By Larry Kahaner
I write fast.
I write fast because that’s just how I learned to write, lo those many years ago, when I was a newspaper reporter. You wrote fast because the job demanded it. You had your notes in front of you, the clock was ticking, editors were waiting for copy, and you hit the keys and didn’t pick your head up until the story was done.
You read it over quickly, made your changes, made sure you didn’t say something dumb or wrong, and handed it in. You didn’t use fancy words or clever turns if it meant that you slowed down the process. If you weren’t sure of something you either left it out or used some weasel words to make it accurate and beyond the reach of libel lawyers. The key was to do the best you could in the time you had. I write fast. What of it?
It was the finest training for any writer, and I’m grateful to have had that experience.
Even now, when I don’t have to write fast, I still do.
There are benefits. For one thing, you get done with your work sooner. Who doesn’t want that?
Second, there’s no time for self-censorship which is the bane of many writers. Sure, you make mistakes, don’t use exactly the word you want but you can fix it later in the editing process, which is a slower and more thoughtful activity.
I have a buddy who’s working on a thriller and he stopped in mid-sentence and asked me about which firearm his hero should be using in a specific situation. (I’m the author of a book about the AK-47 , so I know some stuff about guns.) Anyway, I gave him the answer off the top of my head but then told him that it didn’t matter right now. I told him to just write the word “rifle” and fix it later. By stopping to think about the perfect rifle, he not only lost his train of narrative thought, but slowed his writing momentum. Writing is physical exercise, like walking or running, and when you stop, it’s sometimes difficult to get moving again.
Third, you don’t suffer writer’s block. How can you if you never stop moving? As I’ve said many times before, there’s really no such thing as writer’s block even though some writers insist on believing that it exists.
Over the years, people have asked me how long it takes to write a particular story, article or book. When I answer, I often have to endure the usual comments about how can I write well if I do it so fast. If I’m even inclined to answer, which sometimes I’m not, I point to other writers who’ve written quickly. (Thanks to Kristen Lamb’s blog for this list.)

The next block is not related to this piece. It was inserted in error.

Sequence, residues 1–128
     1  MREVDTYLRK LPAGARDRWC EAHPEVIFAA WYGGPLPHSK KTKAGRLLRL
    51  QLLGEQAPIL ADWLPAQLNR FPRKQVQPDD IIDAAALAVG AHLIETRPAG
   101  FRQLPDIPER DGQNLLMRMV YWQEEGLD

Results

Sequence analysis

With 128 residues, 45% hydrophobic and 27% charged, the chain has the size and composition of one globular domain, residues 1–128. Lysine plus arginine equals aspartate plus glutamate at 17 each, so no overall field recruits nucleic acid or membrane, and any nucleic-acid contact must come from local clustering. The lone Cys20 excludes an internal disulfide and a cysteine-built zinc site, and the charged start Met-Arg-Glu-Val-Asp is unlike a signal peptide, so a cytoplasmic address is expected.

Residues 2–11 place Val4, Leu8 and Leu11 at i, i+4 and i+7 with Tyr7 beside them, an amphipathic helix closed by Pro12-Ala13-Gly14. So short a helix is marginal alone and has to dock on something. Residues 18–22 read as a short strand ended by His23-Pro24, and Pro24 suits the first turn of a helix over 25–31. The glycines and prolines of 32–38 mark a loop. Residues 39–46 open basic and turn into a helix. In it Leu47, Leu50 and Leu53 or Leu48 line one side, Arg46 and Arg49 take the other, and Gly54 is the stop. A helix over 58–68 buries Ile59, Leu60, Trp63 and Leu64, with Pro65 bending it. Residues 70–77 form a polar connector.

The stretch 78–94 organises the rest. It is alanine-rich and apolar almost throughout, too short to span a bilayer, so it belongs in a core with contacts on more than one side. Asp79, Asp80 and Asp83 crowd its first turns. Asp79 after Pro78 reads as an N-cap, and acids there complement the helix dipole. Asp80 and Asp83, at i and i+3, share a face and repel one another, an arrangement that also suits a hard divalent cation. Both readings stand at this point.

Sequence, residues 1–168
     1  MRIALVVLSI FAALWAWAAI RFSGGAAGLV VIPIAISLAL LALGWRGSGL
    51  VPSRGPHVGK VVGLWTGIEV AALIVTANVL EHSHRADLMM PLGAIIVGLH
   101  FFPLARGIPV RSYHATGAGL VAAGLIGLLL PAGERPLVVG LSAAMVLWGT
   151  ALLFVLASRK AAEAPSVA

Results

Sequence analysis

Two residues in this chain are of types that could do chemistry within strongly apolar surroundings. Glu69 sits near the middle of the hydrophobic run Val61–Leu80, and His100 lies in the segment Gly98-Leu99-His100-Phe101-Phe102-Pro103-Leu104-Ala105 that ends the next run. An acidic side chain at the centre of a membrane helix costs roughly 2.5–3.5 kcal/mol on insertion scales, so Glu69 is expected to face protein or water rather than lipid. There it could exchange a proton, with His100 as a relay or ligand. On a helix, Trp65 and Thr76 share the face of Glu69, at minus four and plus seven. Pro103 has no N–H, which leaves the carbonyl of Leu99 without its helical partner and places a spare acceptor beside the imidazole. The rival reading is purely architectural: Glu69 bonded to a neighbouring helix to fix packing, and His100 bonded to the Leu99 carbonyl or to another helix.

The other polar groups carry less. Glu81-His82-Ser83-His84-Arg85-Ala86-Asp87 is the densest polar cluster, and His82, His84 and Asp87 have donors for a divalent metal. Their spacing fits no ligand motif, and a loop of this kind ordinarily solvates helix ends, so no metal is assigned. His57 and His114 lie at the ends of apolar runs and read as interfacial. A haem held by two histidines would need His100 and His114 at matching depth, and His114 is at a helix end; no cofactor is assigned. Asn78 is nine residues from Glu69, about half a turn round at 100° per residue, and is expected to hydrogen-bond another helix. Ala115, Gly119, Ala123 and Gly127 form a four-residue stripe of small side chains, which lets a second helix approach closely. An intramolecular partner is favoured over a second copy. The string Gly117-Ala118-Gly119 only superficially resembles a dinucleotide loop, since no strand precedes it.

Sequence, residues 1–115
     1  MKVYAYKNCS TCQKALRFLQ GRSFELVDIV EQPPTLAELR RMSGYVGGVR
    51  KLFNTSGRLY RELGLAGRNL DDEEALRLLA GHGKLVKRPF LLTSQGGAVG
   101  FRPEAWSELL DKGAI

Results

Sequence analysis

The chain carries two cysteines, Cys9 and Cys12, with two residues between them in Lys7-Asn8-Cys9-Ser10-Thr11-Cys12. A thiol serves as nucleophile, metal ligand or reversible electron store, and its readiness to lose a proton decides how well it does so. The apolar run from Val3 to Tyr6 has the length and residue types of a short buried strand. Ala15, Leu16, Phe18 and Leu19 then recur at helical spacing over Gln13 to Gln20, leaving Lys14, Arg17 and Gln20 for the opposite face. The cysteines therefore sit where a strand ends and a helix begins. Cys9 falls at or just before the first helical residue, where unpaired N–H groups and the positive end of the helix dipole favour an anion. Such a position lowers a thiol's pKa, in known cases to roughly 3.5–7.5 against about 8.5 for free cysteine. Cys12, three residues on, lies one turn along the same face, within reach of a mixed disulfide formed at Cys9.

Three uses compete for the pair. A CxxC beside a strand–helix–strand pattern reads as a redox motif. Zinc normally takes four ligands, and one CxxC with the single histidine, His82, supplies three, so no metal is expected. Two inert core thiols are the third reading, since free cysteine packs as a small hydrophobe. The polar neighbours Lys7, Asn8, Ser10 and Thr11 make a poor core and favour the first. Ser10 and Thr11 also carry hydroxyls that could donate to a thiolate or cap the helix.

- William Faulkner wrote As I Lay Dying in six weeks.
- Ernest Hemingway wrote The Sun Also Rises in six weeks.
- After being mocked by a fellow writer that writing so fast created junk, John D. MacDonald wrote The Executioners in a month. Simon & Schuster published it in hardback. It was also serialized in a magazine, selected by a book club, and turned into the movie Cape Fear
- Ray Bradbury wrote Fahrenheit 451 in nine days on a rented typewriter.
- Isaac Asimov was the author/editor of over 700 books during the course of his career.
- Stephen King writes 1,500 words a day every day of the year except his birthday. He’s published over fifty novels, and I don’t even know how many short stories and novellas. Let’s just say he’s written a LOT. Could he have done this writing a book every three years? Every five?
The truth is that just because you write quickly does not indicate that your writing is either good or bad, which brings me to National Novel Writing Month. [ ] For those of you unfamiliar with it, every November, participants aim to write 50,000 words during the month. NaNoWriMo, as it’s called, is voluntary and you can keep track on line. If you accomplish the goal, you receive bragging rights and some words that you can rewrite at a more measured pace.
One of the main objectives of this exercise is to keep would-be writers as well as experienced authors from slogging along in misery whilst trying to write their novels. By moving so quickly, you don’t have time for self-flagellation, malingering or complaining about how difficult writing can be (boo-hoo).
Does NaNoWriMo produce some solid books? Yes, it does. Some great books. It also produces some awful crap, because speed has nothing to do with quality.
I’m not ashamed of being a fast writer. Still, this is one of those times that I’m not going to tell you how long it took me to write this blog post. Just reread the author list above, okay?
Guest post contributed by Larry Kahaner. Larry is the author of more than 15 non-fiction books and has just completed a thriller. Check out his blog at The Non-Fiction Novelist. Shameless plug: To read an excerpt from my Kindle Scout book “USA, Inc.” click here. If it is nominated, you get a free e-book and his appreciation.
Sonoma County Sheriff’s Deputy Nick Ryan answers a call from his estranged wife in Mexico to help find her kidnapped brother. When he and his partner Meredith Ryan arrive, they find the crime is not as simple as they were told.
Betrayed and caught by the police, they are expelled from Mexico. Returning to Puerto Vallarta by boat at night, Nick and Meredith battle nature, Federales, crime cartels and even Nick’s own family to rescue his brother-in-law.
To complicate their mission, Nick must face the end of his marriage while Meredith hasn t yet put her own nightmares to rest. Thonie Hevron’s 35-year career in law enforcement fueled this action-packed story.